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"They haven't seen the movie, have they, about when you split something up, what happens when you do that despite the best intentions or whatever.  It's a shame because I don't quite get it why anyone would be against spending as little money as possible.  Having been over there [Team Principal of Jaguar Racing F1 team], I do know that the people who have the power don't want to share the power.  It's all about a meritocracy there, and their whole view is: 'Get your own.  You're not going to get some of mine.  You've got to go get your own'."  Bobby Rahal, IndyCar team owner, Rahal Letterman Racing, commenting on the Formula 1 controversial budget cap and possible breakaway series

"Flavio Briatore wants to create a new series and decide everything.  Luca di Montezemolo has a problem with the FIA president.  With John Howett, I wonder: what does he want?  I'm not even sure he knows himself.  Everyone else just wants it all to stop so they can concentrate on the sport once again."  Asked why the standoff continues even though the two warring sides seem basically agreed about drastic cost-cutting, Ecclestone explains: "Because it's not about that, it's about power."  Ecclestone does not believe the threats about a breakaway championship are serious.  "Can you really imagine going to the boards of these car companies and saying 'I need money for my new car, and I need the same amount again for our new series'?" 
Bernie Ecclestone, President and CEO of Formula One Management and Formula One Association

"It could ruin it.  It would be a disaster and they'd destroy the sport.  I would hate to see any kind of takeover happen because it would be badly managed.  They can't even run their own teams.  They can't agree on anything.  If the teams owned it they would destroy it."
Bernie Ecclestone, despite earlier sympathizing with the teams' dislike of the proposed budget cap, he now believes unfettered spending "could be the curse of our sport".

"You're all loonies.  It is the nature of the loonies that you don't really have a leader, that you are all loonies together.
Max Mosley, FIA President, blasted the rebel FOTA leaders. 

"Basically, the teams don't want agreement - they want sporting power and money.  Many have already been paid half of their participation fees until 2012 up front and in one case they would have to pay back £100m, while others will run to tens of millions  The amounts involved could be massive if we go for damages to Formula One. Breakaway? Pure fantasy, they know it is fantasy. It is never going to happen.  If they set up the Golden Steering Wheel Championship, who will want to watch it?  It is not the FIA Formula One World Championship. That is what counts. I know because I once tried to set up a rival series with Bernie Ecclestone.  I am less likely now to step down in October because any thoughts I had about retiring are fading.  If I dropped dead tomorrow they will probably get someone worse than me, with far less understanding of F1."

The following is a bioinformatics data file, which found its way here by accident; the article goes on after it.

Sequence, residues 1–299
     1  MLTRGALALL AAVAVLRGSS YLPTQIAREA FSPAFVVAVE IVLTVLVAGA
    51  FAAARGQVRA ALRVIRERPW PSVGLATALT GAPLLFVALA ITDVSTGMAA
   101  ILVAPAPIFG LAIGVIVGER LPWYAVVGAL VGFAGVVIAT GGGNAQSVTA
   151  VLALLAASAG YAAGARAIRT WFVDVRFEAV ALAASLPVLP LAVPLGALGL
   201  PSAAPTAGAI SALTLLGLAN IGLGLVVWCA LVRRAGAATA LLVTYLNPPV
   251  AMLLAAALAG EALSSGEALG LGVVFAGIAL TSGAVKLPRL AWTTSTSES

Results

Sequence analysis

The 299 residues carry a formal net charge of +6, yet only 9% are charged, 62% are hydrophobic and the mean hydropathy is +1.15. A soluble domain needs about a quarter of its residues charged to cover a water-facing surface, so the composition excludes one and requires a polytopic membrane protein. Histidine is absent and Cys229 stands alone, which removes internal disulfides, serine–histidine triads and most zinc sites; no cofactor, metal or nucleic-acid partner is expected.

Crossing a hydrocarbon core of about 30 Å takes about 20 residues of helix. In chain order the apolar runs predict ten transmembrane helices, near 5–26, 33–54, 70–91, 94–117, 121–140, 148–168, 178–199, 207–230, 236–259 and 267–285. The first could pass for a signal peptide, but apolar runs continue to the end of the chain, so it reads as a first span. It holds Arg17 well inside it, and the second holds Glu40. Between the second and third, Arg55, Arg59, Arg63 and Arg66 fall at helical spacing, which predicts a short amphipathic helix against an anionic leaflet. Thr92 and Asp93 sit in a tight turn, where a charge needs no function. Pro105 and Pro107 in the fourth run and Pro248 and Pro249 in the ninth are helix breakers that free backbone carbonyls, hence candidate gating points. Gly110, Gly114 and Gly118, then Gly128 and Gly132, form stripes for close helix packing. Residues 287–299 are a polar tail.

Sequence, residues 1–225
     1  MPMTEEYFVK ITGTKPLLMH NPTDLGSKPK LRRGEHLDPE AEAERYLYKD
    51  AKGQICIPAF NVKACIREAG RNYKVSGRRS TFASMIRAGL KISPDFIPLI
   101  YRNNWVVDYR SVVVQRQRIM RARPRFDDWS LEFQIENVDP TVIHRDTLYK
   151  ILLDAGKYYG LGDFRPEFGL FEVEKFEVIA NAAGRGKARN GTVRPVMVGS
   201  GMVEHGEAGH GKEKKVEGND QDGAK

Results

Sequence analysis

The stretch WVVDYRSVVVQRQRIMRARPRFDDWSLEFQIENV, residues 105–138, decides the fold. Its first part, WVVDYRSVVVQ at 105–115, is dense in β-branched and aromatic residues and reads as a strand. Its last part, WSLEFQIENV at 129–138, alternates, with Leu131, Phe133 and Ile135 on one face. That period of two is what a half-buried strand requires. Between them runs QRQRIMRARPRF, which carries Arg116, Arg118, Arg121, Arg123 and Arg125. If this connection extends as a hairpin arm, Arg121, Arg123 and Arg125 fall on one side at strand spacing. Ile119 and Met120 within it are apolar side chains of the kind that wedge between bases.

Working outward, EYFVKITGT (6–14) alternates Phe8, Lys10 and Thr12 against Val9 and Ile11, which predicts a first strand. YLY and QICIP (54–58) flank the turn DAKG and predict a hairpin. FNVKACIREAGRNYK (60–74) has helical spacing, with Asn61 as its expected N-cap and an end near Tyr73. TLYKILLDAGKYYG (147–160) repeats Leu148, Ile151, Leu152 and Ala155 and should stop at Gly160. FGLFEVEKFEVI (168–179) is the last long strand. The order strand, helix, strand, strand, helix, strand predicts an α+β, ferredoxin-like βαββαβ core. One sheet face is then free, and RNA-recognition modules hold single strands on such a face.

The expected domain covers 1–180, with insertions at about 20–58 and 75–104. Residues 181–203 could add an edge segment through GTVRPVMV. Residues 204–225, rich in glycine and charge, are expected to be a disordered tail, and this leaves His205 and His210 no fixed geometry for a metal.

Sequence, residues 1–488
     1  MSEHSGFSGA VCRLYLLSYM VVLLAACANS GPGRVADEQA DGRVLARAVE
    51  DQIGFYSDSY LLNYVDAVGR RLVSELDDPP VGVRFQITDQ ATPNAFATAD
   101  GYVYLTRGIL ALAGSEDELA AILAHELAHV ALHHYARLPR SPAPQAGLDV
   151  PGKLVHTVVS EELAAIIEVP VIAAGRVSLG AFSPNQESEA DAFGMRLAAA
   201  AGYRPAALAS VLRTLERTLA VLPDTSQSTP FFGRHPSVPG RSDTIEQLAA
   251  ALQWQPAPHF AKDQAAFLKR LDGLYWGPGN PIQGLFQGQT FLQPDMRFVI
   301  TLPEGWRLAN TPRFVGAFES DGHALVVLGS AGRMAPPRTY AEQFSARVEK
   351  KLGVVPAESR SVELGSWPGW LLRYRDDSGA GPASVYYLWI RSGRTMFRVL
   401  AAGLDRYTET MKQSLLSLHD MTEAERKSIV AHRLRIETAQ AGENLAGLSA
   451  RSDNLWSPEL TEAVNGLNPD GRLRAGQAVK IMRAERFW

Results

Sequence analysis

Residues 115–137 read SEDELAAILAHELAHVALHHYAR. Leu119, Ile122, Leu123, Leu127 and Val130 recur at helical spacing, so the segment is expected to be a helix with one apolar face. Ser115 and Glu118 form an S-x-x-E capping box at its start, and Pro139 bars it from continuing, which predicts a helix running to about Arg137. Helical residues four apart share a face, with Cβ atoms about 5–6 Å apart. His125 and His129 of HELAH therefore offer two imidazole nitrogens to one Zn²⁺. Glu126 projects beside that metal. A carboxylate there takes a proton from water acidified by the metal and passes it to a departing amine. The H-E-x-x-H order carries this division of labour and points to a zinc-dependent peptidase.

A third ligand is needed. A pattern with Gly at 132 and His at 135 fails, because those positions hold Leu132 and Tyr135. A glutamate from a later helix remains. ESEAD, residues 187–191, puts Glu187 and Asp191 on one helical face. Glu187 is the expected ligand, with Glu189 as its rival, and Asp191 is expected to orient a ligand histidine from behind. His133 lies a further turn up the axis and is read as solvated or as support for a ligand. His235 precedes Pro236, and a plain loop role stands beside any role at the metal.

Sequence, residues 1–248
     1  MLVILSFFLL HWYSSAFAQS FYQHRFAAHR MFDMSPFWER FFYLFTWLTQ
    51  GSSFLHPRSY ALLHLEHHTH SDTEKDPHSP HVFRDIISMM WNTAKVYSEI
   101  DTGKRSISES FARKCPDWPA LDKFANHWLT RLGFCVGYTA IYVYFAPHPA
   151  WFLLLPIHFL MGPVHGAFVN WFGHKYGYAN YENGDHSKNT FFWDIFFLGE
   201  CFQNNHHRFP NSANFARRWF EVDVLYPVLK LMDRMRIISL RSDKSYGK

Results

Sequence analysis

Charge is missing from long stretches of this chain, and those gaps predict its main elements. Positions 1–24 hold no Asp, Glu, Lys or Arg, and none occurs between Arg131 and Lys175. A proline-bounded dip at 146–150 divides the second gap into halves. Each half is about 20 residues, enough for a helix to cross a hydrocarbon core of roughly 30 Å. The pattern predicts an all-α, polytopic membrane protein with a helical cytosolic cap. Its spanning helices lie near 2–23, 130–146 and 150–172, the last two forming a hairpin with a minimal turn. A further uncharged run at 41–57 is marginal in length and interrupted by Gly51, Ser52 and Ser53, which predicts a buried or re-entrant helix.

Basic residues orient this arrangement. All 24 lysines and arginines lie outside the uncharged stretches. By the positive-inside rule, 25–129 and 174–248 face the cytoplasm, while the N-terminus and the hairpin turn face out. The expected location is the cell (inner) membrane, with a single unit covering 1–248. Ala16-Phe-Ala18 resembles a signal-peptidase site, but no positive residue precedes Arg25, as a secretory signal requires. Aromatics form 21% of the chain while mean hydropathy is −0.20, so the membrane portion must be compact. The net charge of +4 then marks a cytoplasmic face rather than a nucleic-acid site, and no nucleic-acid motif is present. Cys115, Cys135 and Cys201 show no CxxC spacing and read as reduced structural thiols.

Max Mosley, FIA President

“What will happen now is that this discussion will continue for a while and then at some point we will find that when it starts to get important to know what is actually happening, which won’t be for some time, we will find some of the teams, the FOTA teams, will then come into the championship,” he said in an interview with the BBC.  Other teams will already be there. And how long that will take is very difficult to predict because people take entrenched positions and so on, but nobody wants this.  It is not greed, it is more about power,” he said about the dispute. “There are one or two individuals… well there is one individual who fancies himself as the Bernie [Ecclestone]. Whether he could do the job or not I don’t know.  I think Flavio Briatore sees himself as the Bernie. He is fully entitled to that view, but I think Bernie would feel if he wants my business, or CVC’s business, then he should come and buy it, he can’t just take it.  As far as the governing body is concerned, I don’t know whether any of them actually want to make the rules, because they can never agree on the rules. And when they do agree on them, they disagree on what they mean.  The famous double diffuser was entirely drawn up by the teams and then we had to settle who was right in their interpretation of the rules which they had drawn up. There is not a lot of future in that. This is what it is all about – certain people would like certain positions and you can understand that, but there are correct and incorrect ways to get it.  The thing is we have got very good legal advice and it is very strong and very clear, so we are very confident.”